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Executive Success – The Secret Unplugged
(Actual Unplugged posts indicated this blog have been renamed for the sake of humor.)
The wealthy York Pepperdine, president of the distinguished Pepperdine Software Corporation, had just finished attending his 30th high school reunion with his wife. Their former classmates embraced these high school sweethearts and offered the executive kudos for his success. Afterward, the couple enjoyed a drive through the town, dropping by their old hangouts and reminiscing their teen years.
Mr. Pepperdine asked his wife, “Did you talk to Gunter?”
“Do you mean Gunter Hockledorfer, the man I dated before I went out with you?” His wife’s Mona Lisa smile made him nervous. “We exchanged greetings. Why?”
“It’s sad that he didn’t do much with his life. He manages the gas station on Main Street.” Mr. Pepperdine winked at his wife, hoping his smugness didn’t show in his expression. “Just think, honey. If you had married Gunter you’d be a gas station manager’s wife today.”
She patted his leg. “Trust me, dear. If I had married Gunter, I would be Mrs. Hockledorfer, wife of the nation’s most successful gas corporation president.”
The above tale, though fictional, reflects the saying, Behind every successful man is a strong, or good, wife. (Feel free to switch around the genders to suit your scenario.)
If that adage is no longer politically correct, then how about this old proverb: He who finds a wife finds a good thing. Darn it, that’s still cliché and too traditional for “CIO Unplugged.”
Chill. You’ll get over it.
I’ve overheard people closest to Ed say, “Boy, it’s a good thing Edward Marx has Julie for a wife.” I laugh at this, not at the cliché implication within the wording, but because I know what it takes to keep things running behind the scenes in the Marx household—a sense of humor.
What really goes on behind the scenes, you ask?
Climbing mountains, running races, Ironman, Tango, speaking at every healthcare function between New York and LA … Does Ed ever slow down? Not really. Part of that is because God wired him to be a virile force within his circle of influence. The other part is Ed simply over-pushing the envelope and forgetting his Margins. Purposeful and radical trying to co-exist.
Where do those interesting and provocative blog messages come from? Disrupt the Heck Out of Your Workplace or Kill the Devil’s Advocate. Does he live that way at home, too? Yes. Life is never boring or stale.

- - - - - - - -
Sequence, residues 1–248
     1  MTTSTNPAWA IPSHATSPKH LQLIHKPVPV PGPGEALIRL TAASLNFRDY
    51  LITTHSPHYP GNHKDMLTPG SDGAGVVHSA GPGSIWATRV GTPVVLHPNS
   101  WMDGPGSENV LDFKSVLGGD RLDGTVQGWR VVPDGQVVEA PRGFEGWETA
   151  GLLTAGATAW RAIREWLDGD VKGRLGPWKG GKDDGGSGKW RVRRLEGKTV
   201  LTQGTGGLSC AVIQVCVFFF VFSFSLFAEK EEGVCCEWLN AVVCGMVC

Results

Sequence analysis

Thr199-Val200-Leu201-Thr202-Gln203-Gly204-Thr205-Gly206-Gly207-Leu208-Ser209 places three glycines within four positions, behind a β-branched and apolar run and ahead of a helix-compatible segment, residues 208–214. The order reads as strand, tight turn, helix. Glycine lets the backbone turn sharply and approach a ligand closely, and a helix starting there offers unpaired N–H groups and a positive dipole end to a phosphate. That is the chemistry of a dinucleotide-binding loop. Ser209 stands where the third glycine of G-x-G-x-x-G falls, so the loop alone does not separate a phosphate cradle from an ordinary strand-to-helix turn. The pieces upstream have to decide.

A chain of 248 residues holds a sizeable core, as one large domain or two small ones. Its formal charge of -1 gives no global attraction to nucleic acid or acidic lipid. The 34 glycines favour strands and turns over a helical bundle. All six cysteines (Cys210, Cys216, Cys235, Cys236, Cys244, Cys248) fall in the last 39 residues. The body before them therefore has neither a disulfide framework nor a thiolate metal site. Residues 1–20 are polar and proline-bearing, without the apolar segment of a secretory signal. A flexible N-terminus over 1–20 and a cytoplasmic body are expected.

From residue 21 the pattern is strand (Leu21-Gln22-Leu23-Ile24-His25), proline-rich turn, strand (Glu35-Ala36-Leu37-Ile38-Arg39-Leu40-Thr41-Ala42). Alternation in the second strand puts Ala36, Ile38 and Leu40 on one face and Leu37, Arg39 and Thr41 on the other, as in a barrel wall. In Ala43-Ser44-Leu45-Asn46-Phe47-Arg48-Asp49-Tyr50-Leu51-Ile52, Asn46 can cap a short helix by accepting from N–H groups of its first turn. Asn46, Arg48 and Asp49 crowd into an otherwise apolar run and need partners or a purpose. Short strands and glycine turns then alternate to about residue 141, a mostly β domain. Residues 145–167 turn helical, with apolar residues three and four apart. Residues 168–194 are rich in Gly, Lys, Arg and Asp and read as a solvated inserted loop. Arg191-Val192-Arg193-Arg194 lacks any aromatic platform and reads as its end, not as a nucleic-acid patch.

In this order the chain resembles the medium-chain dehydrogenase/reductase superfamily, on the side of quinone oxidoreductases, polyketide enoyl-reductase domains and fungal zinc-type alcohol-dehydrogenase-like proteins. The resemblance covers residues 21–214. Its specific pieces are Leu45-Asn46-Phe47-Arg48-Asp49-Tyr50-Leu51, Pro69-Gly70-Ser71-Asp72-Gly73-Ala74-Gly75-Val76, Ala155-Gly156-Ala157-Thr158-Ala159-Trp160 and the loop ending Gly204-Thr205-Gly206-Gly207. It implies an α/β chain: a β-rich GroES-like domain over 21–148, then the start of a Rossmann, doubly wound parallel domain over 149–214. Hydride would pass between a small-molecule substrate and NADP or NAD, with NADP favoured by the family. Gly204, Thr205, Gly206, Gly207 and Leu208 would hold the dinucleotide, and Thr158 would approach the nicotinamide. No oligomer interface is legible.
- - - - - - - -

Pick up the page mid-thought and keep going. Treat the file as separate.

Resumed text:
What about the posts he regrets writing: Multitasking—Killing 50 Tasks in One Hour on the Treadmill? To which I said, Bad idea, honey. And that led to the post: I Take That Back. This all comes with the learning process. Few people, like Ed, aggressively seek to learn and grow, and growth requires making mistakes.
With the exception of the two-piece suit, Ed Marx is genuinely the same in private as he is in public. Ninety-eight percent of the blogs he writes spring from what he’s currently dealing with at work. “CIO Unplugged” is his method of working through his issues. A therapy of sorts.
Here are survival tips from how this executive’s wife manages behind the scenes:
- Balance. At all costs, avoid falling into the same trap. Life is meant to be enjoyed not glanced at while constantly on the run. Be the smiling example where Mr./Mrs. Do-it-All can see your stark calmness amid his/her self-made storms. Gently express concern for his/her health (mental/physical) but realize they might have to pay the consequences before learning this lesson. When he comes to you with the suggestion that you both should slow down and enjoy life, just kiss him and tell him how brilliant he is.
- Support. I belong to the Edward Marx Support Group. Seriously, we’ve been meeting once a month for five years. We share stories and sympathize with one another over the pressure Ed doesn’t realize he’s putting on us. Then we conspire how to change his course through prayer and by governing his calendar. Trust me, his executive assistant and I do our best behind the scenes to keep Ed from derailing himself.
- Genuine. We spend very little time together with other exec couples because Ed is busy mentoring and serving those under him, and I prefer it this way. We’re both mentors, and we look at our joint role as one that complements and serves. Joy is found in serving, not being served, so I eagerly open our home and try to be real with his peeps. (Hospitality isn’t your strength? Take a Dale Carnegie Course.)
- Identity 1. Knowing who you are is essential to thriving under corporate-ladder pressure, especially when the exec’s spouse is often referred to as “Ed’s wife.” Not to mention how we’re stereotyped as unapproachable, stuck up, and superficial. Ignore all the nonsense and find your source of true identity. For me, it’s in God.
- Identity 2. A person’s source of identity should never be found in the temporal or the materialistic, in nothing that fades or rusts with use. The money any exec makes will never satisfy, so don’t bother finding yourself there. Never look to your exec for fulfillment or personal significance. Instead, look to something bigger than life, unchanging, and solid as stone. Pray constantly. And learn to laugh.
I’m not sure what motivated Ed to ask me to write this post—except that perhaps he’s behind on all his blogs at the moment. Do I consider myself his sole secret to success? No, it’s a team effort. His admin, his 600-person department, his boss, mentors, direct reports, and—whether or not you realize it—you the readers help make up that team. So I thank all of you, including the adversarial and accusatory readers. Possessing the solid identity mentioned above helps us clip the thorns while inhaling deeply of life’s roses.
Edward Marx’s wife writes suspense novels. Her hobbies are fitness and nutrition, which help her keep Ed healthy. You can find Julie and her traditionally-published books at http://online.jamarx.net/